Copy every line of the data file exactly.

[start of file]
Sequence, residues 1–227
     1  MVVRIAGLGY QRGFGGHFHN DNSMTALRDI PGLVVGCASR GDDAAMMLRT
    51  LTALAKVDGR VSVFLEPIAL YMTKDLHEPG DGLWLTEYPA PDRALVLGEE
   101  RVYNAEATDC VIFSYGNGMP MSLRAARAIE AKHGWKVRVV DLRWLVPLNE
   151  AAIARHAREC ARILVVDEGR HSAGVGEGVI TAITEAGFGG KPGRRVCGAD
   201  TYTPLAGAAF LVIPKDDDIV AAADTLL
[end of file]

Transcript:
Sequence, residues 1–227
     1  MVVRIAGLGY QRGFGGHFHN DNSMTALRDI PGLVVGCASR GDDAAMMLRT
    51  LTALAKVDGR VSVFLEPIAL YMTKDLHEPG DGLWLTEYPA PDRALVLGEE
   101  RVYNAEATDC VIFSYGNGMP MSLRAARAIE AKHGWKVRVV DLRWLVPLNE
   151  AAIARHAREC ARILVVDEGR HSAGVGEGVI TAITEAGFGG KPGRRVCGAD
   201  TYTPLAGAAF LVIPKDDDIV AAADTLL